I watched my last game from the student section yesterday.
by harmonica (2014-11-23 11:20:37)

I should have experienced a bittersweet feeling of nostalgia and sadness about the end of my last four years.

Instead, I felt relieved. Relieved that I no longer carried the necessary burden of responsibility of a Notre Dame student. Relieved that I am no longer obligated to pay a solid chunk of money from my minimum-wage job to watch that embarrassment of a football program. Relieved that I can without guilt make the choice to watch from my couch or, better yet, turn off the game.

I felt bad that this was my reaction. Part of my decision to attend Notre Dame four years ago was about being part of that raucous mass in the northwest corner of the stadium. It’s not like I expected good football, either. The four years before I came here saw a .480 win percentage.

It’s been a gradual buildup of my cynicism, but following this program is just so exhausting. I have not felt happy about a win since Stanford, nearly two months ago. This team and, especially, this coach are not fun to watch.

I think most students compensate by disengaging. They treat games like I treat my favorite NFL team – disappointed with a loss, but they’re not going to let it ruin their night, let alone their week. An hour later, and they’re back having a good time – the game was but an unfortunate interruption to their day of partying.

If you ask most students, “Do you believe Kelly will win a national championship,” they will say no. But they would probably feed the typical bullshit, “But he’s better than Weis.”

Is he though? I don’t mean that in terms of a binary coaching comparison. Yes, Kelly is a better coach than Weis. But is the state of this program better than under Weis? Technically and mathematically, yes. 8-5 is better than 7-6. But is that extra win or two that Kelly provides worth him being retained? Do you feel that much better watching this team than you did in 2009?

That’s why I would feel comfortable if Kelly leaves. I am now extremely confident that he will never win a championship, and that should be the only basis for keeping a coach. There are at least 30 coaches right now that I would rather have than Kelly – not because I think they are necessarily better than him, but because I believe their odds of a winning a championship are higher than 0.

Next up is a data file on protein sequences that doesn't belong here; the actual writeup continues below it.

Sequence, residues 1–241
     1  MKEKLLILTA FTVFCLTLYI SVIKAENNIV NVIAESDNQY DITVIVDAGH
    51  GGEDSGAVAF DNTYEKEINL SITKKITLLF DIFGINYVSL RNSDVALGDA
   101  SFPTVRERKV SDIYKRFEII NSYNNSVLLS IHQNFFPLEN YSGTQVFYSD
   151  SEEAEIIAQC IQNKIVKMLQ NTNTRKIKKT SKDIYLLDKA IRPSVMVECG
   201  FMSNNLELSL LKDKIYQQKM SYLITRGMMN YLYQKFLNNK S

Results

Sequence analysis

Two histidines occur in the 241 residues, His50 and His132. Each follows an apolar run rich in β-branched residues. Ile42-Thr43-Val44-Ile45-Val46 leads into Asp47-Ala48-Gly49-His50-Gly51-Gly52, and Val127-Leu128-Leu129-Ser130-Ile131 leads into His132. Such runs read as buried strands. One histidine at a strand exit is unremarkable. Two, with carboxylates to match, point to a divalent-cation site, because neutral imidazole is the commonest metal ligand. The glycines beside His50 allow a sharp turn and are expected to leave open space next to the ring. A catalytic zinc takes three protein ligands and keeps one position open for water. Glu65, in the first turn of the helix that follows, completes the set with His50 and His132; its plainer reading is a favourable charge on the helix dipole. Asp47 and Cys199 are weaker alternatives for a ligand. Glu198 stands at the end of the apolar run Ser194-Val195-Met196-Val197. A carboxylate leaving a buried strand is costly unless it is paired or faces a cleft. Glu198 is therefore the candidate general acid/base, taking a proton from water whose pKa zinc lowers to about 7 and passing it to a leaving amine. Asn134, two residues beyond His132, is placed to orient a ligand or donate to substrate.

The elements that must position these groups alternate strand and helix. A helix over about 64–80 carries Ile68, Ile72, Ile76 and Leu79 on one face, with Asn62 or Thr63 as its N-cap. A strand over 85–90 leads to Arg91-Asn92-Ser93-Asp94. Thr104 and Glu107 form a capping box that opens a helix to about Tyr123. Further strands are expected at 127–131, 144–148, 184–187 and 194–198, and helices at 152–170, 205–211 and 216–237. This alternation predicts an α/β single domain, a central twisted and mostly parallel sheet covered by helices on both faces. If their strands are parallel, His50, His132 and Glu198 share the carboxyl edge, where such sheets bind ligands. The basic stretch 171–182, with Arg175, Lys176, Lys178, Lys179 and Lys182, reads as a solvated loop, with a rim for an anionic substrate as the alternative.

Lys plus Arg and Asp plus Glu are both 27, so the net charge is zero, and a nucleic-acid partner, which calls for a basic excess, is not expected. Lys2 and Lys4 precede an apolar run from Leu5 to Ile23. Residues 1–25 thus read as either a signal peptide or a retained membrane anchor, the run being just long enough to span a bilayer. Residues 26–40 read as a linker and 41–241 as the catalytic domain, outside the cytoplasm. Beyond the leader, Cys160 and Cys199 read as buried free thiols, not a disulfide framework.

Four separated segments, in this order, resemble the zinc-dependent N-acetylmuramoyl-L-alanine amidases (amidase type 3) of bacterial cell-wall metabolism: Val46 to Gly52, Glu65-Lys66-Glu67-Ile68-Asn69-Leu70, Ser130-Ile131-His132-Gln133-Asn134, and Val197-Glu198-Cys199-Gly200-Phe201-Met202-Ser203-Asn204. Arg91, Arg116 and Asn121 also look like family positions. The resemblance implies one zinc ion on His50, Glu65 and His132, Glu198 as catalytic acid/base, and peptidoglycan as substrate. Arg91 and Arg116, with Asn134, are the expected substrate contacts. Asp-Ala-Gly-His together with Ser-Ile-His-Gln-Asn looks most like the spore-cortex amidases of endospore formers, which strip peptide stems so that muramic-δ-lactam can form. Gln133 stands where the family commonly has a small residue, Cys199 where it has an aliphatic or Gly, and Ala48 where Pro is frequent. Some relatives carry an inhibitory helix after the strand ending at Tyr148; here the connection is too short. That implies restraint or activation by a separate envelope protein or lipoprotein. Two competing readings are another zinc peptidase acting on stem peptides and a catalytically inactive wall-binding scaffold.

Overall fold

Is Gary Andersen a better coach than Kelly? I don’t know, but he has not yet proven himself to be a failure. Andersen would not be one of the first coaches I would approach, but I believe a significant number of candidates are out there that would willingly take this job. Many of them are probably better than Andersen, and several of them have proven more competent than Kelly. And, no, Pat Fitzgerald is not on that list.

The biggest obstacle for this program right now isn’t academics, bad weather, or ugly girls. It’s apathy. If you believe “better than Weis” is the standard of a Notre Dame football coach, you have sufficiently lowered your expectations to the point of apathy. We might as well join the fucking Ivy League.

At the end of yesterday’s game, while I was trying to start a “Florida Gators” chant, the rest of the stadium engaged in a “We Are ND” shout. Although on its face I can appreciate the sentiment, I found myself growing angrier. The time is over for, “Oh, gee we lost, but don’t we all just love that we’re Notre Dame and that we’re better than everyone else?”

We’re not. We’re a shit football program. And people should be angry about that fact. They should be angry about losing three in a row and four out of five. They should be angry that we’ve won more than nine games once under Kelly and three times in the past 20 years. The end of that game yesterday was the worst time to feel proud to be affiliated with this program.

For this 20-year nightmare to end, that mindset has to change.